"There's nothing quite like connecting with your customer face to face," Dopp said. "Creating a physical space my customers can interact with is crucial to the tactile quality of my brand." Dopp, who produces a line of handmade sandals, pumps, and boots, has fond memories of Temescal alley.
"Temescal Alley was a place I'd come to in high school when nothing was here but a very unique bookshop that at one point had one of Timothy Leary's dream machines in it," the designer said. "I thought it was the coolest space in town." When the opportunity came, she jumped at the chance to get into a brick-and-mortar environment.
Dopp's shop is on the "harbor" side of the alley, a bit off the main drag near Esqueleto.
"Now that there's shoes, you can basically get any number of looks completely here and then get a crystal, a glass of wine, haircut, all the jewelry your heart desires, an ice cream then get your portrait taken of course with your new plant," she said. "The two alleys really feel like a little sweet village of concentrated goodness. I'm very grateful to be a part."
Even though the store is in its infancy, Dopp has many plans for her new space.
"Dopp will house circulating brands and goods from my travels," she said. "I'll carry everything from gorgeous rattan chairs by Wend to silk organza robes from Lily Forbes and currently goods from Mexico City, little glass animal and plant cocktail stirrers, and seed bead fruit earrings. I'm keeping it fun and colorful in here."
There are also plans in the works to host pop-ups to highlight other brands and hold special Sunday events. Dopp Shoes, 482 D 49th St., Oakland, Wed.-Sun., 12-5 p.m., www.Dopp.city.
Steve Stevenson, show-runner of the 1-2-3-4 Go! record label and owner of two Bay Area stores bearing the same name, opened his first space on 40th Street in Oakland with $4,000 and his own record collection.
Prior to that, Stevenson said he had always had the idea of running his own record store but ran some numbers and concluded it was impossible. But opportunity called when friends — the owners of Manifesto Bicycles — clued Stevenson into a small space that was available next door.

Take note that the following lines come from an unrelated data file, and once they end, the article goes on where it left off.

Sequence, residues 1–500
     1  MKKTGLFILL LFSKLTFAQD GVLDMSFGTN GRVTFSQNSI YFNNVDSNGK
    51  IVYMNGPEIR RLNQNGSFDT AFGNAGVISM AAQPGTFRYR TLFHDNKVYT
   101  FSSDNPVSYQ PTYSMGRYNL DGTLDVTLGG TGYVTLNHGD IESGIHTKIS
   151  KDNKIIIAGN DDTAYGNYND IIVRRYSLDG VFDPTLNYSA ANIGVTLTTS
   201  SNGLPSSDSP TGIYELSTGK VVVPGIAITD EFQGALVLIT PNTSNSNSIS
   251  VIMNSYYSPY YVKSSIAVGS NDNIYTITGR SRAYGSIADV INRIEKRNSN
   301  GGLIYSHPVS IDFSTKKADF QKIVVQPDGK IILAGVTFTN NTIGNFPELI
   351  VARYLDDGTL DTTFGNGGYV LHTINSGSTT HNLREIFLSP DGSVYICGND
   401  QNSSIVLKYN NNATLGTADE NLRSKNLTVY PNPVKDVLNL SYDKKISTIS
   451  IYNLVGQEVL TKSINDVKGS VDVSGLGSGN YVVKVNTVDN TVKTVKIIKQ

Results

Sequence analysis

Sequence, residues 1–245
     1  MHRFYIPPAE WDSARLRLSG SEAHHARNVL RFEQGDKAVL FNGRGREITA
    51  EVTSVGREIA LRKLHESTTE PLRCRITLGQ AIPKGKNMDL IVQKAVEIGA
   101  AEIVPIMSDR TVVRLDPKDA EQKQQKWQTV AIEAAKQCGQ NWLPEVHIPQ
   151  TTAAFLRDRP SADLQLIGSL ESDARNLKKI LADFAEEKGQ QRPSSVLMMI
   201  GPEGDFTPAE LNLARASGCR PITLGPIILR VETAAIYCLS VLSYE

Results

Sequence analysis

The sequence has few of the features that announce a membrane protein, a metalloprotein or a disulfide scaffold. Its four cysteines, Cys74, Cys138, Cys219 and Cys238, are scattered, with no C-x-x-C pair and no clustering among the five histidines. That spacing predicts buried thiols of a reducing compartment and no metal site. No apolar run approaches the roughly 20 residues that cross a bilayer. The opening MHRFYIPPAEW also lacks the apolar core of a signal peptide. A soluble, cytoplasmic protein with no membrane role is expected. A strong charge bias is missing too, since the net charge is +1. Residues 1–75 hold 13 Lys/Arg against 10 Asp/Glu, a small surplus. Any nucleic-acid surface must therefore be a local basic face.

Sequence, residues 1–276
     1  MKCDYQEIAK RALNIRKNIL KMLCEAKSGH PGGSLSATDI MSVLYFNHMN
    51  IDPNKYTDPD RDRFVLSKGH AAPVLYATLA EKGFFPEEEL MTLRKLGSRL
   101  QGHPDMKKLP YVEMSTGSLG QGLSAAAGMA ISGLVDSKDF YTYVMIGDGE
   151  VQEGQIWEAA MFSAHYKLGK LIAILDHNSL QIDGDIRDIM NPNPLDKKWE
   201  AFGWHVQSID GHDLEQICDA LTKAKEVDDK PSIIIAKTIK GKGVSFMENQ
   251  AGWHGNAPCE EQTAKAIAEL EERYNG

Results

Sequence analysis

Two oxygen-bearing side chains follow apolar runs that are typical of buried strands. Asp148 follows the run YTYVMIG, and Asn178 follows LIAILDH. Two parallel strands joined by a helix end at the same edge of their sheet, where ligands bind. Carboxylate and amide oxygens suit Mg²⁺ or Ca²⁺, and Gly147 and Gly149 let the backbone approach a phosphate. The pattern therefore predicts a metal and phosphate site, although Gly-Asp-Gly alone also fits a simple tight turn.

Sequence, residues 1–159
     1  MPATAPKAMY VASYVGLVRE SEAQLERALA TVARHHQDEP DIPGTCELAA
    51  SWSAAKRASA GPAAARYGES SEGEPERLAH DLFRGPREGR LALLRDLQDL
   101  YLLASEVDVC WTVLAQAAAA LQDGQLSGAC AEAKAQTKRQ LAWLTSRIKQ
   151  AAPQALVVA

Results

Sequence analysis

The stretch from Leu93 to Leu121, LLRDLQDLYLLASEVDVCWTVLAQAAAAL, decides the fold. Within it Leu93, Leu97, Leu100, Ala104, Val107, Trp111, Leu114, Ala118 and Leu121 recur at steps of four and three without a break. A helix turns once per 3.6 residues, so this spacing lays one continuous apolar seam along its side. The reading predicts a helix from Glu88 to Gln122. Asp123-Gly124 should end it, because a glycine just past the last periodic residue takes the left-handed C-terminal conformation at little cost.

"People were instantly really supportive, and we made it through a couple of really tough years," Stevenson said. "Within a year of opening, we moved to a space two doors down that was much larger, and a couple years after we moved across the street to our current space, thanks to architect and building owner Mark Becker who helped us convert the space to our needs and establish the all-ages space."
Older generations, and perhaps even some of those born in the early aughts, may recall the thrill of hanging around your local record shop and discovering new music. 1-2-3-4 Go! is keeping that tradition alive, with the aforementioned all-ages shows and an expansion to a second storefront in San Francisco in 2015.
"It also isn't lost on me how important it is to have outlets like this in any community," Stevenson said. "Especially ones that can provide safe all-ages spaces to see music in an area that more and more pushes concerts into bar spaces where those under 21 can't attend."
Stevenson joked "Mark [Becker] often calls me the "mayor of 40th" because I was technically the first to open here, but really if it wasn't for him, 40th wouldn't be what it is today."
The area has certainly grown since Stevenson set up his shop.
"40th is a really interesting and hard-to-quantify neighborhood. Things have changed pretty rapidly," he said. "When we started, we were the first new retail business on that stretch in decades. The space we initially occupied hadn't been used for anything in at least 10 years." Restaurants and cafes like Homeroom, Subrosa Coffee, and Tacos Oscar bring in more foot traffic and elevate the neighborhood's vibe.
"It's great to have more life on the street than there ever has been," Stevenson said. 1-2-3-4 Go! Records, 420 40th St., Oakland, daily 12-8 p.m., www.1234GoRecords.com.